Phoebe Lim-Vuong, the recipient of the Georgette Viellion Scholarship – awarded to nurses who intend to support future nurse educators and leaders, is currently studying for her doctoral degree, specializing as a Family Nurse Practitioner in the Doctor of Nursing Practice Program, at the Johns Hopkins University School of Nursing in Baltimore, Maryland. Phoebe received her master’s degree in Nursing Practice, Clinical Nurse Leader, from Rush University in Chicago, Illinois, and her bachelor’s degree in Biochemistry from the University of Washington in Seattle, Washington. Phoebe currently teaches a clinical course at Highline College in Des Moines, Washington, and works as a teaching assistant at Johns Hopkins University. She had previous experiences in hemodialysis and worked on the front line during the COVID pandemic providing COVID testing and vaccination to the community.
Coming from a disadvantaged background, Phoebe experienced first-hand the lack of preventive healthcare and its consequences, which led to her parents suffering from chronic illnesses. As a nurse practitioner, she wants to provide the much-needed preventive care and advocate for the underrepresented groups in her community. As a first-generation college student from an immigrant family, Phoebe was overwhelmed and unprepared in her undergraduate study until she was accepted to the Washington State Opportunity Scholarship (WSOS) mentorship program. As a result, she understands the challenge that other first-generation students face, the importance of mentorship to bridge that gap, and the need for a more diverse workforce representing the underserved community. She owed her success to the teachers and mentors who inspired her as she watched and experienced their commitment to paying it forward to the next generation of nurses and health care professionals, especially those from disadvantaged backgrounds. Her professional goals are mentoring the next generation of minority nurses and leading the current effort to increase the diversity of the nursing profession and nursing leadership.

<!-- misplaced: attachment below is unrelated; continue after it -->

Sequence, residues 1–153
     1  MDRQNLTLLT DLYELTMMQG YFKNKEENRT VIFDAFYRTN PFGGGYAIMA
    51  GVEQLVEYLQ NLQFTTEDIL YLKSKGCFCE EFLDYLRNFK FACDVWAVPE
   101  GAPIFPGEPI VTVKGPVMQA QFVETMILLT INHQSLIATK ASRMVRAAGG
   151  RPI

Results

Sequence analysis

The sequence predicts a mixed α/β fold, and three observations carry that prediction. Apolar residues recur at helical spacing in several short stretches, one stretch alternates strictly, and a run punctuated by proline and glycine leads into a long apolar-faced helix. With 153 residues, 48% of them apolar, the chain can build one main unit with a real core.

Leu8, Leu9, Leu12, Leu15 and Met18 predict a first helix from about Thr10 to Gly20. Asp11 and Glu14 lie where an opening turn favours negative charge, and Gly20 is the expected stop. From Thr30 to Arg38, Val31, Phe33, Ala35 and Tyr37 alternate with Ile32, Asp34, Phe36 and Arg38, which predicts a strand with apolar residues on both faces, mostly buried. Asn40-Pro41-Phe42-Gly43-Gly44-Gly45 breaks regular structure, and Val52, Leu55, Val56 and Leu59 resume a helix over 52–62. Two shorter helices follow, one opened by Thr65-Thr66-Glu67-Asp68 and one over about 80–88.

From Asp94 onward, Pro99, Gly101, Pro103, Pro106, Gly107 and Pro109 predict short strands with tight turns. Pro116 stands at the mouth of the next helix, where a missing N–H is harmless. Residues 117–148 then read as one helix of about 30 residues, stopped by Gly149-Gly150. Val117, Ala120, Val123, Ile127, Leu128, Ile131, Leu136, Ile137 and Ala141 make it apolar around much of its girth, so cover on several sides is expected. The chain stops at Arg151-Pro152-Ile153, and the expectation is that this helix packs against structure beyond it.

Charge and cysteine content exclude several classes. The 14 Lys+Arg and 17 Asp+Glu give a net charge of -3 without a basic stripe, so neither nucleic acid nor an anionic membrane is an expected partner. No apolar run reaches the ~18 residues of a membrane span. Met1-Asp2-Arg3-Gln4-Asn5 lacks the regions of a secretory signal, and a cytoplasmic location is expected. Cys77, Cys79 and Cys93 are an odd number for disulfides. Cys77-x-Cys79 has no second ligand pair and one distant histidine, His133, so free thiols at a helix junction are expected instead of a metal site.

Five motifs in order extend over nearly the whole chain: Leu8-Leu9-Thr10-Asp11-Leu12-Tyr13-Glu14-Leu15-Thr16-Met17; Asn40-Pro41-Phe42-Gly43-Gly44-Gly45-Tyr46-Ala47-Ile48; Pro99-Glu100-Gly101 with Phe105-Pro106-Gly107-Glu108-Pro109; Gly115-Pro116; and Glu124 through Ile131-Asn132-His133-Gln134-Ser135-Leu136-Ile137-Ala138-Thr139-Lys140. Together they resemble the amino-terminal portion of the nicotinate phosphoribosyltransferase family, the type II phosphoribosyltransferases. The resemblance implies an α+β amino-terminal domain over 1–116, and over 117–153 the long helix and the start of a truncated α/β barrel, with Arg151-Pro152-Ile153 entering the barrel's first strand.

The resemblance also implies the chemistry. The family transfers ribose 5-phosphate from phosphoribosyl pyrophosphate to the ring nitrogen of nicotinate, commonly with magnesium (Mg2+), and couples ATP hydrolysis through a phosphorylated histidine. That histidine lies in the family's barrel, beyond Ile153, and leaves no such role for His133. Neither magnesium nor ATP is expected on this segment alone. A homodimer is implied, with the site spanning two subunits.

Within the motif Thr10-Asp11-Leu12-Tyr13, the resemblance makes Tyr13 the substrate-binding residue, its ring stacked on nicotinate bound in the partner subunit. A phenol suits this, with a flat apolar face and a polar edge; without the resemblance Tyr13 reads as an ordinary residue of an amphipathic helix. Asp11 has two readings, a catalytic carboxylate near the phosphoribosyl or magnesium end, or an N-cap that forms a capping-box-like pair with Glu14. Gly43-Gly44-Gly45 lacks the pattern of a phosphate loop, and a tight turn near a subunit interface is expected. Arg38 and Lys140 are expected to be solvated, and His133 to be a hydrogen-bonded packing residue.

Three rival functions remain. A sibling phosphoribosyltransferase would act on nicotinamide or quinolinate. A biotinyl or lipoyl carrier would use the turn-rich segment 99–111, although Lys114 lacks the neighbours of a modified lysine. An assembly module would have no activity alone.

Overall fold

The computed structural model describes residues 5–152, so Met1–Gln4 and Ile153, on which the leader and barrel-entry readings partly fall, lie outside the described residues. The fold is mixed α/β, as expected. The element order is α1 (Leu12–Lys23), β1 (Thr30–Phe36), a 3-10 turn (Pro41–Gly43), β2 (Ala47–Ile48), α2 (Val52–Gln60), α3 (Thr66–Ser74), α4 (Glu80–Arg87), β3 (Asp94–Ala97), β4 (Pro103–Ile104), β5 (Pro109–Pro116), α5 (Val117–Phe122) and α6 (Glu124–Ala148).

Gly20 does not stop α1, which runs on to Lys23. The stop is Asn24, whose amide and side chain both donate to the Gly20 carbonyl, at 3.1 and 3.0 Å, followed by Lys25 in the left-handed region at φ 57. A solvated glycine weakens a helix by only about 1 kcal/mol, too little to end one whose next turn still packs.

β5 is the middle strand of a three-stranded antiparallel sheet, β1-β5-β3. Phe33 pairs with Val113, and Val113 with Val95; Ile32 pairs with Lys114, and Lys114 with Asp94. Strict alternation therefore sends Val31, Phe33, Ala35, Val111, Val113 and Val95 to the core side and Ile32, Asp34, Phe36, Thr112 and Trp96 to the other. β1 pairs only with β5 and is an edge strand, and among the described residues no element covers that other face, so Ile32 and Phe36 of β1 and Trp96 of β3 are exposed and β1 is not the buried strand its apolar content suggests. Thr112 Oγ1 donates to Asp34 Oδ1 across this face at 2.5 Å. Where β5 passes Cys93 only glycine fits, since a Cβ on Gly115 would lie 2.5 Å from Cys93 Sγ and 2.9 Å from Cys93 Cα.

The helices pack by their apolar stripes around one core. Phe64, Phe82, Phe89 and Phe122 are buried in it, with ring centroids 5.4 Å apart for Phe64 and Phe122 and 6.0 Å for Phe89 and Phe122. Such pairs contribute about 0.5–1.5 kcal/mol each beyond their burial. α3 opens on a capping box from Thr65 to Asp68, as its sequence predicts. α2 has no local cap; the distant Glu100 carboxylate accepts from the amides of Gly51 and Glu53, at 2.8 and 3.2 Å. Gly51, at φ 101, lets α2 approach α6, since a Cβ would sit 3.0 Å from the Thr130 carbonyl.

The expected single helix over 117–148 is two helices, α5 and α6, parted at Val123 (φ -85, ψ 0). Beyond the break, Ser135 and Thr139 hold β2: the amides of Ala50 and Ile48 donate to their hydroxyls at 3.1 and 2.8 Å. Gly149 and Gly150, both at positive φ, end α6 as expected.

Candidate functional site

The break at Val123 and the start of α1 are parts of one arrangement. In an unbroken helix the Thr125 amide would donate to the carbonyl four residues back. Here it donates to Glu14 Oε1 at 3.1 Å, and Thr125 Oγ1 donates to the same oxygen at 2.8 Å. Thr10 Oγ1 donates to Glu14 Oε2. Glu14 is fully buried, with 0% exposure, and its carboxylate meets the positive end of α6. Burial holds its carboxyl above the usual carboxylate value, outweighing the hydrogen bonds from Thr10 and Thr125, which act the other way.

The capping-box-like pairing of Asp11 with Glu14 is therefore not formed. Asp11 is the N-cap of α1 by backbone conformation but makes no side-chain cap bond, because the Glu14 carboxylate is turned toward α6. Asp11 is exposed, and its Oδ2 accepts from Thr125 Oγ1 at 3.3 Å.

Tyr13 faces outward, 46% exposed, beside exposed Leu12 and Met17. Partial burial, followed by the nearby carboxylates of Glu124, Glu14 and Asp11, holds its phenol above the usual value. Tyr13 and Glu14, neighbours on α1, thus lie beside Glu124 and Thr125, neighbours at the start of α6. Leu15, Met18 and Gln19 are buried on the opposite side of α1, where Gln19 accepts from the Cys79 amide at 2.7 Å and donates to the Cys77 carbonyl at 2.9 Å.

While at Rush, she served as the membership coordinator and then president of the Rush University Student Nurses Association, providing mentorship and leadership opportunities for the nursing students. She led the effort and secured the 3MTM Littmann® Stethoscope Leadership Development Grant, administered by National Student Nurses Association to provide leadership training to the university’s nursing students’ community. Currently, Phoebe serves as the Director at large for the Washington State Nurses Association (WSNA), collaborating with other nurse leaders to advocate for nurses, nursing students, and patients as well as elevating the nursing voice in the political arena. In addition, she serves as a trustee for the Washington State Nurse Foundation and Vice-Chair of the Political Action Committee; both are sub-committees of WSNA. Phoebe also volunteers as a committee member in the King County Nurses Association’s Nominating Committee. Her goal in joining the local and state nursing organization is to support the current effort to build a strong nursing coalition in the community. In 2022, she will serve as one of the Washington state’s delegates to the American Nurses Association annual assembly. Her DNP project, collaborating with ARNP United of Washington State, serves as a steppingstone to increasing nurses’ awareness and engagement in health care policy in Washington state.
Besides school, work, and organizational work, Phoebe also volunteers as a mentor for first-generation college students interested in health care for the WSOS to pay it forward, supporting and advocating for disadvantaged students to pursue their careers in healthcare. The path that she had taken in teaching and mentoring also made her realize the opportunity for growth and the need for more minority representation in nursing leadership. Graduating from Johns Hopkins in 2023, Phoebe hopes to continue her teaching position at Highline College and a clinical role in a diverse, disadvantaged clinic in her local neighborhood. Her goal is to be the role model and guide that the next generation of minority nurses can count on.
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